Byline: Dan Burrows

NEW YORK — Though disappointed by slow growth and high overhead in the U.S., Swedish retailer Hennes & Mauritz AB reported first-quarter earnings that almost doubled on strong global sales.
For the period ended Feb. 2, the company reported net income soared 106.8 percent to $74.7 million, or 9 cents a share, compared with profits of $36.1 million, or 4 cents, in the year-ago period. Global sales grew 16.7 percent to $1.10 billion from $938.2 million last year.
Sales in the U.S. climbed 20 percent to $47.4 million from $39.5 million in last year’s comparable period. In a difficult economic environment that has given most U.S. retailers fits, H&M’s U.S. sales would seem to be enviable by comparison, but the company is not satisfied.
“Development in the U.S. market has been weak,” said chief financial officer Leif Perrson in a conference call with analysts. “It is a very important market — our third most important youth market after Germany and Sweden. But the market is still characterized by uncertainty and retail sales have been disappointing. We are also not satisfied with our operating costs, which are still too high.”
H&M opened two new stores in the U.S. in the first quarter — one each in Boston and Brooklyn — and plans to open two more this fall, with one on New York’s 34th Street and one in Harlem. With the addition of these units, the company says it will have an opportunity to reduce costs as it gains efficiencies. H&M receives 4.3 percent of its total sales from the U.S.
Excluding U.S. sales, Perrson was very pleased with the men’s, women’s and children’s wear retailer’s worldwide results.
“It is very gratifying that we have had such a good start to the year,” he added in the call. “Our ambition is that our customers should be able to find something new in our stores every day. Our spring clothes took off in February, with sales up 16 percent. This shows that our customers appreciated our collection. Great Britain and Germany are doing very well and the relatively new markets in France and Spain are developing according to plan.”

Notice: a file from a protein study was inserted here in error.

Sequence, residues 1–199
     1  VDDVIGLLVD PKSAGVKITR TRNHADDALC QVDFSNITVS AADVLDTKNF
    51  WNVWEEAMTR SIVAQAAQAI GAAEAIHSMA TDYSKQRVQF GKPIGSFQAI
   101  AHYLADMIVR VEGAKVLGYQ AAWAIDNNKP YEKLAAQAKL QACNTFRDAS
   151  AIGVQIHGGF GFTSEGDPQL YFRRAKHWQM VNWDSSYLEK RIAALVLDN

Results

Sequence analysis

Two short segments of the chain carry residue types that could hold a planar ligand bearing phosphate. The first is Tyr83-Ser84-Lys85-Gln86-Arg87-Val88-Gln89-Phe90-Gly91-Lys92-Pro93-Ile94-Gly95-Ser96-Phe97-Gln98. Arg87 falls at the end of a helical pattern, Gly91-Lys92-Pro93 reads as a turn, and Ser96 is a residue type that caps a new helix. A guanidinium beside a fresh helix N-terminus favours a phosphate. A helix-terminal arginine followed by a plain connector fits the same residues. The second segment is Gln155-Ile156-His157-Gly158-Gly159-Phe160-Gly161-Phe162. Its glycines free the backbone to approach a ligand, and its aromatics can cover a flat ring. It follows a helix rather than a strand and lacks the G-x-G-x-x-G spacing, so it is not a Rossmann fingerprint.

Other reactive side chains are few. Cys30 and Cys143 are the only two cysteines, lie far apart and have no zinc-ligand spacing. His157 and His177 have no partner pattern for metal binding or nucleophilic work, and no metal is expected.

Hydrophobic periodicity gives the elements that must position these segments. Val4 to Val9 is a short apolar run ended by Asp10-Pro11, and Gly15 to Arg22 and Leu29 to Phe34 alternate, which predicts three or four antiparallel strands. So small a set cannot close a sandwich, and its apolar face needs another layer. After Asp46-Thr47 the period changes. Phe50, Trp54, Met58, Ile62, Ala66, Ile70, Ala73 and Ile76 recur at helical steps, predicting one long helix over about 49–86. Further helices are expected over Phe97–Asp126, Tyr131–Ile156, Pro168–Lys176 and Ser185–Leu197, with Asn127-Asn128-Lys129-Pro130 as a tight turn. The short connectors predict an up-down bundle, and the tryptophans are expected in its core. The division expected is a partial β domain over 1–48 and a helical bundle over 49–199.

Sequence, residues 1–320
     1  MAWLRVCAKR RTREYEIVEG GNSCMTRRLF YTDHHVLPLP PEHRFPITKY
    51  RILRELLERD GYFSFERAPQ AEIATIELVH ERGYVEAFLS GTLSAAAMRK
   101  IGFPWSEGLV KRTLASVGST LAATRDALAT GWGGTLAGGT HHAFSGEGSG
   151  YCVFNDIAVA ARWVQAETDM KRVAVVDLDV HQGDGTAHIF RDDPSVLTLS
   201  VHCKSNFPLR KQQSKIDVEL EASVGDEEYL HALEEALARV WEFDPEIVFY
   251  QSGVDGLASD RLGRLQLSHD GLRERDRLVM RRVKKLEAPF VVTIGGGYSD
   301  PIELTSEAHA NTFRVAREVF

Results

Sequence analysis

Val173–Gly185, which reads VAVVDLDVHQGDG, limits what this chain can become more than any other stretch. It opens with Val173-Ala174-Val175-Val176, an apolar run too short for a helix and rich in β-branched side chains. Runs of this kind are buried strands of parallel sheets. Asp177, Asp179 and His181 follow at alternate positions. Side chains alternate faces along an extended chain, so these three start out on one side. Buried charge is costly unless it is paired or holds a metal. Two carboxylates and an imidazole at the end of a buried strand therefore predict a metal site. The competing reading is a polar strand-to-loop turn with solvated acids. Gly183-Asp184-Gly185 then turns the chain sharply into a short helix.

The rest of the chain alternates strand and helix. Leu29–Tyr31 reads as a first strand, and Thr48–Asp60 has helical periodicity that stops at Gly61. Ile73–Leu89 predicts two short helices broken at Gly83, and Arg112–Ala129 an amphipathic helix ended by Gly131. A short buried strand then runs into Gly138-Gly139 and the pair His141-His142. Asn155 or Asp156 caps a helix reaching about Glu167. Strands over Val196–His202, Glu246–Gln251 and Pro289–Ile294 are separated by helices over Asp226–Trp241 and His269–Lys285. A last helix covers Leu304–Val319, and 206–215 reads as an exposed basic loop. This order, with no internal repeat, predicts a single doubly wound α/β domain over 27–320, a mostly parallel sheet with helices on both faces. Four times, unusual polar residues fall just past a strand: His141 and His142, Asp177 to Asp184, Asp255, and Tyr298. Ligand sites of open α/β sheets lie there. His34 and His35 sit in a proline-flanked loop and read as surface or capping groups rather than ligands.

Germany, which is H&M’s largest market by far, accounting for 30 percent of total quarterly sales, posted a 16 percent gain to $330 million from $284.5 million in the year-ago period. Great Britain, which contributes 7.8 percent to the total, swelled 41 percent to $85.4 million from $60.6 million. And, on the company’s home turf, Sweden, which represents 11.3 percent of the total stake, sales inched up 1.4 percent to $123.8 million from $122.2 million last year.
With stores also situated in Norway, Denmark, Switzerland, the Netherlands, Belgium, Austria, Luxembourg and Finland, H&M derives 89 percent of its sales from outside its home country and continues to expand outside its borders. In the first quarter, the company opened seven new stores — two in Germany, two in the U.K, one in France, and the aforementioned two in the U.S. — and closed two, to bring its total unit count to 776. In last year’s first quarter, H&M opened six stores and closed one.
Inventories that were 6 percent below year-ago levels allowed for considerably lower price reductions that lifted gross margins to 52.9 percent. Additionally, operating results in all of H&M’s constituent countries improved compared with last year, and the results before tax were positively affected by currency translation effects due to the weakened Swedish krona. H&M generated positive cash flow of $47.9 million.
Looking to the second quarter, H&M plans to open 26 new stores, with seven in Germany, six in France, and two each in the U.K, the Netherlands, Belgium, the U.S. and Austria. One store each will be opened in Norway, Denmark and Finland. By yearend, the company plans to open approximately 90 new stores.

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